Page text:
The next time you take your car over to the petrol station take a few moments to look at your tyres up close. Aside from the brand name, you’ll notice a series of alphabets and numbers printed on the side of the tyres. But what do they mean? Well, those are your tyre codes! Together, those alphanumeric tyre markings will tell you a whole story about your tyres.
That ‘story’ includes the tyre’s width, aspect ratio, speed rating, and so much more! By learning what they mean, you’ll be able to understand everything about the tyre’s purpose (other than letting your car move around). Plus, the next time you need a tyre, you’ll be able to pick the right one by yourself!
In this article, we’re going to take a quick look at every part of a tyre marking so you can read it like a book! Bear in mind that different tyres will have slightly different markings on them. Some have more markings, while others have less. That’s why some countries require the use of UTQG or ‘Uniform Tyre Quality Grading’.
About the Uniform Tyre Quality Grading System (UTQGS)
Some countries like the United States require UTQG markings on tyres by law. That’s great since it ensures that consumers can always refer to the same consistent set of information when choosing their tyres.
Australia and New Zealand do NOT require UTQG by law. As a matter of fact, Australia doesn't have a formally-recognised system to test for tyre quality. Still, some manufacturers choose to adhere to UTQG anyway, so their tyres offer an easy way for buyers to compare with other brands before choosing one.
What Each of the Tyre Markings Mean
Now, let’s take a look at the critical information that you can pick up by reading the tyre markings on the sidewalls. Remember: most tyres present the following information in the same sequence, so this article will start with the tyre codes beginning from left to right.
First and foremost, we have the section width. This number (for example, ‘225’) will show you the nominal width of the tyre measured in millimetres. The manufacturer takes that measurement from one sidewall of the tyre to the other. Typically, this number ends with a slash and following that is the next marking which represents the aspect ratio of the tyre.
The aspect ratio refers to the percentage of the tyre’s section height over its section width. Suppose the tyre has an aspect ratio of 45. That means that the tyre’s height is 45% of its width. That's why this tyre marking is displayed in conjunction with the section width. These dimensions are measured when the tyre is under no load and inflated to max air pressure.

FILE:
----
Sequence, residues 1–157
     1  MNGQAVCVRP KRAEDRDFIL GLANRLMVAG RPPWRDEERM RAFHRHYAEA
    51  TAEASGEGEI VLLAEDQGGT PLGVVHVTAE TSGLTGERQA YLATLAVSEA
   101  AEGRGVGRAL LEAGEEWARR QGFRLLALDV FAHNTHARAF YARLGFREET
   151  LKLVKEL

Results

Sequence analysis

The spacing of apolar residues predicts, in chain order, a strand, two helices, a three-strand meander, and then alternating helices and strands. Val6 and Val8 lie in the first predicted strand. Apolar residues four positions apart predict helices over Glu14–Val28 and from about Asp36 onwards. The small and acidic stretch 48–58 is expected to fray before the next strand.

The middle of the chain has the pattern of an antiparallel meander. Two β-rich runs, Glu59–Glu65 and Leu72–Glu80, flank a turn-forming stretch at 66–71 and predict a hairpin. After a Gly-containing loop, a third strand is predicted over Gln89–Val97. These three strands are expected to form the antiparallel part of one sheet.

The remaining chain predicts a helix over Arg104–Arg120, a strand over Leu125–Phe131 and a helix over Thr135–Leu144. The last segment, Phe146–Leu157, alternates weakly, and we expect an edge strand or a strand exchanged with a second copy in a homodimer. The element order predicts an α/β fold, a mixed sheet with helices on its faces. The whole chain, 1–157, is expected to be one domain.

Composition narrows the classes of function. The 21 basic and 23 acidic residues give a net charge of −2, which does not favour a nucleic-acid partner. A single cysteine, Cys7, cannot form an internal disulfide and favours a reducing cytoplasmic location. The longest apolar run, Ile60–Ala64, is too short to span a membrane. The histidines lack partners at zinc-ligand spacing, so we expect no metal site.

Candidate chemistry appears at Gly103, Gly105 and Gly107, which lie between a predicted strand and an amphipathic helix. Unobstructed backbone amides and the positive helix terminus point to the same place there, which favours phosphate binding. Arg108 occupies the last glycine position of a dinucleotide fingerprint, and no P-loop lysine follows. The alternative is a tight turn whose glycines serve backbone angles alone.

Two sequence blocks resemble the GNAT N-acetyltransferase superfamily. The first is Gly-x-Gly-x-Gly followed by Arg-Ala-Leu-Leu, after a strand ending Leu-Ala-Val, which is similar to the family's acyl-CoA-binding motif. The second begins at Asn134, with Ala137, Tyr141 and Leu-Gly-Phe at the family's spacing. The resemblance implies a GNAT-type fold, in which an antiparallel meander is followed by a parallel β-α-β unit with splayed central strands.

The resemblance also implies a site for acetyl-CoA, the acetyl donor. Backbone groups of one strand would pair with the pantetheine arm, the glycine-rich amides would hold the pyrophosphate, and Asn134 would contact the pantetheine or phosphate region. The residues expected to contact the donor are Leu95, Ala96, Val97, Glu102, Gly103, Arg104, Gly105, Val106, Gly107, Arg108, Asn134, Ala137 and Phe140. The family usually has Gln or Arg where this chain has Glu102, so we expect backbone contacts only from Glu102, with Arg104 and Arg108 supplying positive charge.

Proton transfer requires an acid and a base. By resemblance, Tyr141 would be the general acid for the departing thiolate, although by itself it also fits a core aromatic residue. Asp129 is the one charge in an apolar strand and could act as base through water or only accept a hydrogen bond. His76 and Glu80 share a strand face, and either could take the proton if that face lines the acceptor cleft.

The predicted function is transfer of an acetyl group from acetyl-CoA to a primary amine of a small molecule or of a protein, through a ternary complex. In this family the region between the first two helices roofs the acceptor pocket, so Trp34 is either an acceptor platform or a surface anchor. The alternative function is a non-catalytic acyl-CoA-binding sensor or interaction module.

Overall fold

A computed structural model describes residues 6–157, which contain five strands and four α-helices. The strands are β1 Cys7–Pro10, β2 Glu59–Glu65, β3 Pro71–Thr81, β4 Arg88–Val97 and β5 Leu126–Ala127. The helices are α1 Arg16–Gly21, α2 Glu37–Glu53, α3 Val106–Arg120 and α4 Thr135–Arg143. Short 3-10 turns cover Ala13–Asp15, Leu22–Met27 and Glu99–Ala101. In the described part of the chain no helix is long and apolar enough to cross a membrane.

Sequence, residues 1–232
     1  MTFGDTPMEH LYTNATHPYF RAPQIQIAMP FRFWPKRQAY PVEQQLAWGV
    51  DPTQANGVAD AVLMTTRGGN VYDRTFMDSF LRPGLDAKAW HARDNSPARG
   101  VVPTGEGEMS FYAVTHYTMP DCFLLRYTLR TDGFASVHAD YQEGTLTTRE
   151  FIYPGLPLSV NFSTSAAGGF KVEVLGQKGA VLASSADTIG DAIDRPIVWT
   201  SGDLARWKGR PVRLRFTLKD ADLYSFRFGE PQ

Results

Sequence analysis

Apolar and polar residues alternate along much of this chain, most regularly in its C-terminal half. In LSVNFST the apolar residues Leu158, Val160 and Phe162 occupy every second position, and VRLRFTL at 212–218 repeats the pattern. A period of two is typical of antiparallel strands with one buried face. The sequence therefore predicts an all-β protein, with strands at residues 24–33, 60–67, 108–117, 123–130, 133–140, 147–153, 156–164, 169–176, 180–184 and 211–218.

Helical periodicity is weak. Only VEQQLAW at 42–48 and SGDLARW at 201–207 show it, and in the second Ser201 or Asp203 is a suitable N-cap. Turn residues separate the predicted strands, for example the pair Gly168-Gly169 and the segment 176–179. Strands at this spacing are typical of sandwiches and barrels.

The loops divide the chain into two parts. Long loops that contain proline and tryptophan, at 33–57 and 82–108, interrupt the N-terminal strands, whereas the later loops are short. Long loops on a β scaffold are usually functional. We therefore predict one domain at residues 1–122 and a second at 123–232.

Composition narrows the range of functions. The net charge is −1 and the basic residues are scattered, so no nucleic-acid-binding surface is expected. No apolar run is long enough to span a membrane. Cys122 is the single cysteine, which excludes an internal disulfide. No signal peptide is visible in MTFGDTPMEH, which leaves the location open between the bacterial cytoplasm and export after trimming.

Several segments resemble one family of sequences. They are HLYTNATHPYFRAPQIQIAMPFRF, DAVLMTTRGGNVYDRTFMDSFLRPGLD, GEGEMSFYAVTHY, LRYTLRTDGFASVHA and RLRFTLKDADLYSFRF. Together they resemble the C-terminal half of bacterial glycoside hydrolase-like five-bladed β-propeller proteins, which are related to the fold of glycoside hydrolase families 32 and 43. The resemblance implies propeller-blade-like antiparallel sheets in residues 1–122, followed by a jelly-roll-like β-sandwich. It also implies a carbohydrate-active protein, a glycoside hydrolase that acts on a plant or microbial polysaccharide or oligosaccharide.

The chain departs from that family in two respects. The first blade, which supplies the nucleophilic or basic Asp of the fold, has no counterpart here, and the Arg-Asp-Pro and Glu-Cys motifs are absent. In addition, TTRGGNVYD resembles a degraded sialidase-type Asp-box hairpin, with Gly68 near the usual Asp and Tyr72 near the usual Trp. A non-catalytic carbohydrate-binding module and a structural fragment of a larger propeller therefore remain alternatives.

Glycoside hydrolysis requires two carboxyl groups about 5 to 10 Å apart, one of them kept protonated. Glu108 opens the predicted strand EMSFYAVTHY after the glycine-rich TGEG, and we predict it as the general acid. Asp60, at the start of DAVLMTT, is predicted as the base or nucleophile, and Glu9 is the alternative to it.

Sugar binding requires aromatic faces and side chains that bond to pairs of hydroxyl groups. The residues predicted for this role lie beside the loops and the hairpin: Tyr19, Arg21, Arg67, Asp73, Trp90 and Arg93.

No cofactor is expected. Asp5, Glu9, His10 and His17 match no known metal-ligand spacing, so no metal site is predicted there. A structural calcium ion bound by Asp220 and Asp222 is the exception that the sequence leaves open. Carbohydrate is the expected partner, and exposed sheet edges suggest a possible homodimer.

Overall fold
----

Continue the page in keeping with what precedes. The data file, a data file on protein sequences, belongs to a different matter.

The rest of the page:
The next tyre marking refers to the construction of the tyre. An alphabet represents the exact type of tyre construction. For example, a radial tyre will have an ‘R’ marking, while bias-ply tyres will have a ‘B’ tyre code and tyres with a diagonal construction will carry a ‘D’ instead. The odds are that you’ll see an R tyre marking on yours since radial tyres are the most common type used in vehicles today.
Next, we have the rim diameter which the tyre marking expresses in inches. As you can see, the measurement units used by the tyre markings aren’t always the same (like how the section width number appears in millimetres instead). The rim diameter is a measurement of the tyre’s inner diameter. In simpler terms, this tyre marking will tell you what sized rims you can fit the tyre on.
Here’s an essential tyre marking to pay attention to - the load index. This figure is expressed in codes that represent different load indeces. Each index will tell you how much weight a tyre can handle when it’s fully inflated. At the same time, it’ll also tell you what tyre pressure you need to use when filling it up with air. On a personal vehicle like a car, the index numbers can be anywhere from 75 to 105. To know how much weight each index number can sustain, check your car’s manual or any documentation that comes with the tyre.
Not all tyres are built for speed, you better believe it. So, if you plan on driving your car at high speeds and racing other vehicles (legally, of course!), you’ll need to pay close attention to the speed rating. These ratings will tell you what speeds are safe to drive with those tyres. You may read our other article about car tyre speed ratings to get more info about it. It’ll tell you everything you need to know about speed ratings in much greater detail!
Other Tyre Markings
Depending on the brand of the tyre, you may see other markings on it as well. Their exact meaning will depend on the manufacturer, but quite often you’re able to interpret them by yourself. For example, some tyres will have markings showing what week or year they were made. They may also indicate the tyre’s suitability for snowy or muddy driving conditions, or whether or not they comply with local transportation standards.
Additional Tyre Information
While the tyre codes will tell you plenty about your tyres, there are other places that provide information as well. For instance, the inside of the driver’s side door will usually show the recommended tyre pressure for your car. Depending on the make and model of your vehicle, you may also find this information etched on the glove compartment box or somewhere in the trunk.
Of course, there’s no better source of information than your car owner’s manual. Other than the recommended tyre pressure, the manual is an excellent place to learn how to remove or attach a tyre, should the need ever arise.
Did you find this article useful? Visit us regularly for more topics like this to keep you up-to-date on everything you need to know about your daily drive. If you'd like to find tyres or other auto parts for your vehicle, you can head on over to Carpart.com.au and request for a part.
By Ray Hasbollah